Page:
Nord Stream 2 Pipeline Project Is Halted by Germany

Chancellor Olaf Scholz said on Tuesday that Germany would halt certification of the Nord Stream 2 natural gas pipeline that would link his country with Russia, one of the strongest moves yet by the West to punish the Kremlin for recognizing two separatist regions in Ukraine.

The German leader’s announcement came hours after President Vladimir V. Putin of Russia ordered armed forces to the separatist regions, the so-called Donetsk and Luhansk People’s Republics.

Germany’s allies in Europe and the United States had been pressing Mr. Scholz for weeks to state publicly that the $11 billion pipeline, which was completed late last year and runs from Russia’s coast to northern Germany under the Baltic Sea, would be at risk of being blocked in the event of a Russian move against Ukraine.

“The situation today is fundamentally different,” Mr. Scholz told reporters in Berlin. “That is why we must re-evaluate this situation, in view of the latest developments. By the way, that includes Nord Stream 2.”

Ukraine’s government welcomed Germany’s decision. Foreign Minister Dmytro Kuleba called it “a morally, politically and practically correct step in the current circumstances.”

Since November, the amount of natural gas arriving in Germany from Russia has plunged, driving prices through the roof and draining reserves, leaving all of Europe in an energy crunch. The pipeline, which is owned by a subsidiary of Gazprom, Russia’s state-controlled energy behemoth, has been filled with natural gas but had not gone online, pending approval from a German regulator.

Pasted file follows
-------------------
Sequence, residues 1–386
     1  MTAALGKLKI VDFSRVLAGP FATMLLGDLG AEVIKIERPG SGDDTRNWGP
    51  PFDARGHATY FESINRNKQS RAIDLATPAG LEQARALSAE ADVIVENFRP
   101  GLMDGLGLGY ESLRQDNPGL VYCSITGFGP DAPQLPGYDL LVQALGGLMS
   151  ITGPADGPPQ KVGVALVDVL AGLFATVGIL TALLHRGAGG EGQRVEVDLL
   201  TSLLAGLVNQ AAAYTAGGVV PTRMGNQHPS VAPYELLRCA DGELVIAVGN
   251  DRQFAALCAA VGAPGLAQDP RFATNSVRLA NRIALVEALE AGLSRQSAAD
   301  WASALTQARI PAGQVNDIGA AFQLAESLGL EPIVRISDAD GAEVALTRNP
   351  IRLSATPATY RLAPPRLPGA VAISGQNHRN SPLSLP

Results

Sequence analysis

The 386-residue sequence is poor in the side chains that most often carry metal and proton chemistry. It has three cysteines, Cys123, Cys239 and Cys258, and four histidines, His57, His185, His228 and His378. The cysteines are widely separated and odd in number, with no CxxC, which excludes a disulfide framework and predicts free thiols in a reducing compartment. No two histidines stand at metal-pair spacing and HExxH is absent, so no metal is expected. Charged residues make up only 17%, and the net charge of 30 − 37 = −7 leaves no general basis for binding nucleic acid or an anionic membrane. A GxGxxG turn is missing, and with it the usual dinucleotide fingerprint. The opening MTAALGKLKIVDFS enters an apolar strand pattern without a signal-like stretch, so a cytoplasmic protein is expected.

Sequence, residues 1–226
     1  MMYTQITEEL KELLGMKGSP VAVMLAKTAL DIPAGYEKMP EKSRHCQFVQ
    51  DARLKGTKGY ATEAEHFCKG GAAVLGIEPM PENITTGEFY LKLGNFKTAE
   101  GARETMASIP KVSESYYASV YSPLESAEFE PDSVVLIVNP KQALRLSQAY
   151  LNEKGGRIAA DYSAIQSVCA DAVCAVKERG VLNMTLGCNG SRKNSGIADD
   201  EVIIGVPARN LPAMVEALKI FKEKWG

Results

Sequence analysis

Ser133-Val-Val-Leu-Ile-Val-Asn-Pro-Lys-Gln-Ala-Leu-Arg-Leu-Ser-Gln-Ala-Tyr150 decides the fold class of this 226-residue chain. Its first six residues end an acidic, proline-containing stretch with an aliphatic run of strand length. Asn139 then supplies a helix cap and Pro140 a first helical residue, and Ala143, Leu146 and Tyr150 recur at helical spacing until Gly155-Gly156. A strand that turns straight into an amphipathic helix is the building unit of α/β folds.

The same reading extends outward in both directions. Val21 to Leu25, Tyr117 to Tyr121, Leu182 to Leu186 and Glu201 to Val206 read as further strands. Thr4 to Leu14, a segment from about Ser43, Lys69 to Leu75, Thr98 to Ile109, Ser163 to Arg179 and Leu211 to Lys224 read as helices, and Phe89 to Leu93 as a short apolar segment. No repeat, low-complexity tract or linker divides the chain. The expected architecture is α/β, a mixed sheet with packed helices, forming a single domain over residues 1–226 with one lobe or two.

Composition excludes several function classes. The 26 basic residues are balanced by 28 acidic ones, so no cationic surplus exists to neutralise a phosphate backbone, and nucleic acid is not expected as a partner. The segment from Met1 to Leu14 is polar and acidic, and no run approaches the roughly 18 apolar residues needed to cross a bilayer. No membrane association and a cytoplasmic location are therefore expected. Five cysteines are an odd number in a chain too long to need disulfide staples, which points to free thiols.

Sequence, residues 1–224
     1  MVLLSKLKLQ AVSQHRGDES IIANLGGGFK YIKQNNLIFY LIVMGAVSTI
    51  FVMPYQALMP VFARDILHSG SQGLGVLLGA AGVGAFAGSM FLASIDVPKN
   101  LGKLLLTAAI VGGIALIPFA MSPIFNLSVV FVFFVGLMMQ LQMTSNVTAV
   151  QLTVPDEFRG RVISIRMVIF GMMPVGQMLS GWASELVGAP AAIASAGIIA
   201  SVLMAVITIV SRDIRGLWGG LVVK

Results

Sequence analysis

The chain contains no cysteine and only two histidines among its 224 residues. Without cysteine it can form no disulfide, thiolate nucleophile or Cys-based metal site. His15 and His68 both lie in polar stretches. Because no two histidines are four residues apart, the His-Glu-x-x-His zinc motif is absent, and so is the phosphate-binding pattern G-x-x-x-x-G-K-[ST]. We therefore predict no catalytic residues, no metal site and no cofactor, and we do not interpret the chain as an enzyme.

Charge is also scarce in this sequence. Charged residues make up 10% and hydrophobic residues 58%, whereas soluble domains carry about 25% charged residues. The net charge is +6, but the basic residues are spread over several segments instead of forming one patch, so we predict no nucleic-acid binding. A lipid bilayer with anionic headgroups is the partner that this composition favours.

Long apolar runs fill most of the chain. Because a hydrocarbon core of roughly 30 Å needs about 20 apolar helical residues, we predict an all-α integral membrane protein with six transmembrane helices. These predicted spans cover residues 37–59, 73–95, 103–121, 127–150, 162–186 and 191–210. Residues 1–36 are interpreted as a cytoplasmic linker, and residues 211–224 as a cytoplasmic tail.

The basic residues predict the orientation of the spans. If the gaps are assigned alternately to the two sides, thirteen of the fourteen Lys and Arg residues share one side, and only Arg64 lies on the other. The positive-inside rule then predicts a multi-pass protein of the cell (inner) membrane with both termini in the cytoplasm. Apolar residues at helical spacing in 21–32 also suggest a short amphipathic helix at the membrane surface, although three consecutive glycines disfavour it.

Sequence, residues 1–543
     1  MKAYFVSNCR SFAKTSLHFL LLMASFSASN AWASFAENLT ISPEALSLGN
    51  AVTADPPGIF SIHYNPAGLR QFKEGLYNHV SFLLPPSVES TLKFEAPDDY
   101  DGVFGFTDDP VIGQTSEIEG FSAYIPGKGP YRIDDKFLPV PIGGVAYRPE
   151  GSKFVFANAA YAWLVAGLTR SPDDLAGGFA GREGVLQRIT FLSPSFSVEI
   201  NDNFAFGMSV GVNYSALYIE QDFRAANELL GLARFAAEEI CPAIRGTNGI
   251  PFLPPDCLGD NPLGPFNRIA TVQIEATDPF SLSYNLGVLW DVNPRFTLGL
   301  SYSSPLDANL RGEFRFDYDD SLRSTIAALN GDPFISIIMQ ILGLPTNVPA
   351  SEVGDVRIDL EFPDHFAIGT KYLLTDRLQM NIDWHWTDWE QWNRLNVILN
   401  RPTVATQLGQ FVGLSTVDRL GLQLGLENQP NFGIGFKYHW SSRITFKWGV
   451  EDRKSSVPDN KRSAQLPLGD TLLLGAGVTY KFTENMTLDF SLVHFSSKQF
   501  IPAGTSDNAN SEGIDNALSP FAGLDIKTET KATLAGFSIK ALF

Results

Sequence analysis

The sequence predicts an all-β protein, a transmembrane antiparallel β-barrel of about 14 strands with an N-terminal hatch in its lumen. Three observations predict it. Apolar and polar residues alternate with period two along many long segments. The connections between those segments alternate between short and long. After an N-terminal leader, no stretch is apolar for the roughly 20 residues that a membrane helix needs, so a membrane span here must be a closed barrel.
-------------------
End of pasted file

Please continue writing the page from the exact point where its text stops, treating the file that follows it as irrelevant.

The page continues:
The pipeline had been certified by Chancellor Angela Merkel’s government before she left office, the last step before the project was passed on to the regulator, who had said that the project might be approved as early as midyear.

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But Tuesday’s announcement rescinds the previous government’s approval, and the project will now be re-examined under Mr. Scholz’s economy ministry, which is led by a member of the environmentalist Greens party. Since taking office, both Mr. Scholz and his minister have stressed the importance of diversifying Germany’s energy sources away from the heavy dependence on Russian natural gas.

Last year, Russian gas accounted for nearly 27 percent of the energy consumed in Germany, according to government figures, an increase that was expected to continue after the country shutters its last three nuclear power plants, scheduled in December, and works to phase out coal-burning power plants by 2030.

A full two-thirds of the gas Germany burned last year came from Russia.